“What people say they want…

and what they’re willing to work their ass off to get are two different things.” One of many great quotes from catoonist/author/blogger Hugh Macleod (@gapingvoid)

Dreaming for a wanna-be-entrepreneur is easy: things are doable–you’re the smartest guy in the room, people listen to you and they get it.  The truth is, when you get out there in the world and start to take action, you often find out that 1) Most people think you are a moron 2) You/your product/startup is probably mediocre at best 3) People want to talk about themselves not listen to you 4) It is incredibly difficulty to persevere, keep motivated & keep momentum and, most importantly, after you’ve been doing this for some time  5) Most people still think you are a moron.

It takes a lot of commitment and flexibility to continue with whatever you have set your mind to.  Hopefully, at some point you have decided to move forward (or are moving forward) with your plan.  You are as they say “walking the walk”.   The commitment to put your efforts into a new venture is a very big deal.  It means that you have to focus on your goal and not loose sight of the end game.   Keeping focus can be hard, especially when you face many obstacles both financial and motivational.  If you are a resourceful person (which I am assuming as an entrepreneur you are) , the financial obstacles should be manageable.

The motivational aspects of being an entrepreneur are a different story.   There will always be those that doubt your ability.  These people are hard to deal with because most do not doubt because they do not wish you well but because they do not understand.  Because, frankly who in their right mind chooses a path that is exponentially harder than a traditional work lifestyle.   Depending on the role they play in your life, you can choose to explain and include them in your life or you can always walk away.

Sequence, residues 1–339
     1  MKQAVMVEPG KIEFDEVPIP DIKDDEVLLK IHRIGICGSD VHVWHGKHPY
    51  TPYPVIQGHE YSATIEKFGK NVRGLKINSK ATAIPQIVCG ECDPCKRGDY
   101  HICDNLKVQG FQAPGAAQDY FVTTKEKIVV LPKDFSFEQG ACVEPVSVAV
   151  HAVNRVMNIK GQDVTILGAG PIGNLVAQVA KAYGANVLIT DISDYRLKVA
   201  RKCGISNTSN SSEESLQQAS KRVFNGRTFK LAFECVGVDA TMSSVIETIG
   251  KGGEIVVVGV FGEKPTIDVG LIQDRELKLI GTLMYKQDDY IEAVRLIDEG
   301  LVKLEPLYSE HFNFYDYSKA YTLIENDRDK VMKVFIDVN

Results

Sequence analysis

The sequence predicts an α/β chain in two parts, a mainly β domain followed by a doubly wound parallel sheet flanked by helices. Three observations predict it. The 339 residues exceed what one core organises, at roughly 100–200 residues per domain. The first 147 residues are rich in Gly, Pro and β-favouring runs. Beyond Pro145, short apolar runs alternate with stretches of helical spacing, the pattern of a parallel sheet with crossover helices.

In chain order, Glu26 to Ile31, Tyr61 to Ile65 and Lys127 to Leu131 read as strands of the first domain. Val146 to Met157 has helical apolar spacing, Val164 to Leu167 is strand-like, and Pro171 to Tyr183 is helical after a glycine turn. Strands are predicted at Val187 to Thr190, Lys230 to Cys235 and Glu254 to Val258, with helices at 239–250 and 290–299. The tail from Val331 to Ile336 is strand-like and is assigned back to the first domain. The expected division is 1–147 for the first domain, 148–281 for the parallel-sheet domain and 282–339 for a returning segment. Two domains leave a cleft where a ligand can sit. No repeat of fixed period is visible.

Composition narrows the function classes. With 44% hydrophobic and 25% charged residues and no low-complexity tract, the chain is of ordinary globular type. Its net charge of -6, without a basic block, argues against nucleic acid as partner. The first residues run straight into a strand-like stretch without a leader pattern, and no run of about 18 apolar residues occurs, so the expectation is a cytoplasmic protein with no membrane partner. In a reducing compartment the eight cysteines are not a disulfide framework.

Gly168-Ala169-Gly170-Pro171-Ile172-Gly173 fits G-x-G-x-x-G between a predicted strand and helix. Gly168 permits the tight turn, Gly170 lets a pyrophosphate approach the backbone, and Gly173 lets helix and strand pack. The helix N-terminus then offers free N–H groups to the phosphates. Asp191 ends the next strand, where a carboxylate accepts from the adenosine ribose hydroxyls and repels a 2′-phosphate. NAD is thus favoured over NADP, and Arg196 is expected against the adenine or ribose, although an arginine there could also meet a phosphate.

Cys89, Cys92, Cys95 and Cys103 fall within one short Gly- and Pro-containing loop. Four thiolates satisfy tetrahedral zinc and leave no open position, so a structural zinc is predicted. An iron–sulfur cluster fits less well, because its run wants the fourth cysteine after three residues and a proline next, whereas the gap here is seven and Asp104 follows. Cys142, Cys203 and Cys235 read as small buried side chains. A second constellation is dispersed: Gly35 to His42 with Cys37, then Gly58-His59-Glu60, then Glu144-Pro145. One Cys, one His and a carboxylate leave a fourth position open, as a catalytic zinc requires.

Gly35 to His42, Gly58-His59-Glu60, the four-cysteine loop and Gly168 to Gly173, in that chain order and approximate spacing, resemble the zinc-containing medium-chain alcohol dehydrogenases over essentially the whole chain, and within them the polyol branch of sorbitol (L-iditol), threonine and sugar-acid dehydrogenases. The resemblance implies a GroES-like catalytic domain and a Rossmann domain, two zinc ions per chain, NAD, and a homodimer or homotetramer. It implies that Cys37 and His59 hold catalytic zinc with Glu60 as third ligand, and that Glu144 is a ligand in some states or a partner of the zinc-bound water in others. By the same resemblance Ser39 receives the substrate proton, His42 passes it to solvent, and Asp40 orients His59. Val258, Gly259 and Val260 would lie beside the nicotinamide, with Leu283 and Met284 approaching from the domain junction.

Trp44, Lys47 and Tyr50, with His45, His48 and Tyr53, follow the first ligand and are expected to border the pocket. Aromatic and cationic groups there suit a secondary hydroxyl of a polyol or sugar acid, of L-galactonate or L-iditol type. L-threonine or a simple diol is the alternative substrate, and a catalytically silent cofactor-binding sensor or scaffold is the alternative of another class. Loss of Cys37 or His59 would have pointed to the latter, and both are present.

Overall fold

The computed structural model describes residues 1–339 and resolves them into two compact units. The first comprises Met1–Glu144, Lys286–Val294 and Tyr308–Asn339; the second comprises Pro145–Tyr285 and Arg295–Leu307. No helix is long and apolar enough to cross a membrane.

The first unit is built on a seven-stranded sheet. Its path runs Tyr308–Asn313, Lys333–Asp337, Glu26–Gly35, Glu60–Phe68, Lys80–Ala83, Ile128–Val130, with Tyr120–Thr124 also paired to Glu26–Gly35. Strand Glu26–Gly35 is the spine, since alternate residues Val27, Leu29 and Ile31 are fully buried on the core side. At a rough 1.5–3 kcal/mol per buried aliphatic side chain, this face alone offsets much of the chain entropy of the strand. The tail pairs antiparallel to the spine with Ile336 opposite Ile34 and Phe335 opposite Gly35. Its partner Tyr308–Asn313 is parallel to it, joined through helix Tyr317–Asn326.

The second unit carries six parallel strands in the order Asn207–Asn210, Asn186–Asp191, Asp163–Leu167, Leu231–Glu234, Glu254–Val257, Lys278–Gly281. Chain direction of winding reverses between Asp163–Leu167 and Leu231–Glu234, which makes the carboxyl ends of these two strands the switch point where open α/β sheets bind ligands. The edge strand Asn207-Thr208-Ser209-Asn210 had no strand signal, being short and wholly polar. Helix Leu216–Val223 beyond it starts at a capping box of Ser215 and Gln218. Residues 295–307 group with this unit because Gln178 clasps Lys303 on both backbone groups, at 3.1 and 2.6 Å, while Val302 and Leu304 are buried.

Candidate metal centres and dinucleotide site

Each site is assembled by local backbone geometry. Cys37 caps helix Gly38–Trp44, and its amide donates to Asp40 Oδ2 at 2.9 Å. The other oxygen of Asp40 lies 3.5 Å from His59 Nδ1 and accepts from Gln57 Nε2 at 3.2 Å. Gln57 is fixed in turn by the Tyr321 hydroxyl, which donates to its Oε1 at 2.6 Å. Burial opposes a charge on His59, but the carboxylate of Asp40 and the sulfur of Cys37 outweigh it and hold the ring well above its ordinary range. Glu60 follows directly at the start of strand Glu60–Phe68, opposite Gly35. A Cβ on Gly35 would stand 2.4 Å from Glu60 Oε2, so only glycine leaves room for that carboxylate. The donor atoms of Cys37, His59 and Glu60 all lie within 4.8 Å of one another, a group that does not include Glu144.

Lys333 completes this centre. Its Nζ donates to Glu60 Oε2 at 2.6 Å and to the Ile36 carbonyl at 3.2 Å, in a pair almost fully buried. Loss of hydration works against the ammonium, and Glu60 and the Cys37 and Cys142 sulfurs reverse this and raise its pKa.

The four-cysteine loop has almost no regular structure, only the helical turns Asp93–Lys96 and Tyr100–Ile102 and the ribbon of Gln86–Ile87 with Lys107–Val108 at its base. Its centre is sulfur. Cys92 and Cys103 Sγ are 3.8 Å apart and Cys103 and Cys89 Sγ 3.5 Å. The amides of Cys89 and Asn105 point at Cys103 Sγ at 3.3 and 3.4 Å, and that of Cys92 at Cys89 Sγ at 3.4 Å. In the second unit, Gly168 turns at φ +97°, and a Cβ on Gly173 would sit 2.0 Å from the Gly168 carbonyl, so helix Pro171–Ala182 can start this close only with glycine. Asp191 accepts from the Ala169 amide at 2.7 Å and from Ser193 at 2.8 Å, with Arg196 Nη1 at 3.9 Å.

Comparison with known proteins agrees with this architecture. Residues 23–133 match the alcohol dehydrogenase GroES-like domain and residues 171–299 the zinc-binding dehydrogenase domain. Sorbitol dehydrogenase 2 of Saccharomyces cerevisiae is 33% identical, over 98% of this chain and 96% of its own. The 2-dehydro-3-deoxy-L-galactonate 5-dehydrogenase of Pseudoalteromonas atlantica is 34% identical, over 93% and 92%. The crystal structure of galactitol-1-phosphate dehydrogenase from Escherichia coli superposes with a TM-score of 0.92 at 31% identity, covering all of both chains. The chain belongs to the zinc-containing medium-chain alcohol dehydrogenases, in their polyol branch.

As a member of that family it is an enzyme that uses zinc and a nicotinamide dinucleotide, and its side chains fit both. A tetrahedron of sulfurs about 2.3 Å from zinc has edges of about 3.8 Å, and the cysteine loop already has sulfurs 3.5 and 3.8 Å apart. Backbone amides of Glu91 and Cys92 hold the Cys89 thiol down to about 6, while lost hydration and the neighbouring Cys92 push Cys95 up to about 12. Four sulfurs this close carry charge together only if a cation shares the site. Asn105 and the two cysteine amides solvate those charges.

The biggest obstacle in motivation often comes from ourselves.  It is difficult to persevere when things don’t move as quickly as possible–or not at all.  Questioning yourself is ok.  Realizing that you messed up is ok.  Are there days when you feel overwhelmed? Take a break.  Confused? Good–take time to re-focus.

Maybe you need to change your idea/product/startup.  This is where the flexibility part comes in.  Commitment does not negate flexibility.  Commitment to a bigger vision is essential to continue down your chosen path.  But as an entrepreneur you need to be able to realize that sometimes you have to adapt to a constantly changing environment…which takes a lot of effort and its freakin’ hard.  That is it.  Be rigid in your commitment to your bigger vision and flexible in your everyday execution.

My strengths are in product innovation, strategy, marketing and anything business. But guess what?  Now I am learning to code…Is it hard? uhm yes.  Am I going as quickly as I would like, no, of course not.   Will I be the best coder ever. No. Nor is that my goal.  The point is that I came to a cross roads where I realized that I had to make a choice. Stick with my decision: commitment to the bigger vision.  At the same time realizing that I had to adapt to the reality of the situation, which was that if I wanted to execute on a product I would have to do the tech side on my own.  Which is where the flexible part comes in.  Yeah, its hard, but the challenge is the fun.  How far are you willing to go?

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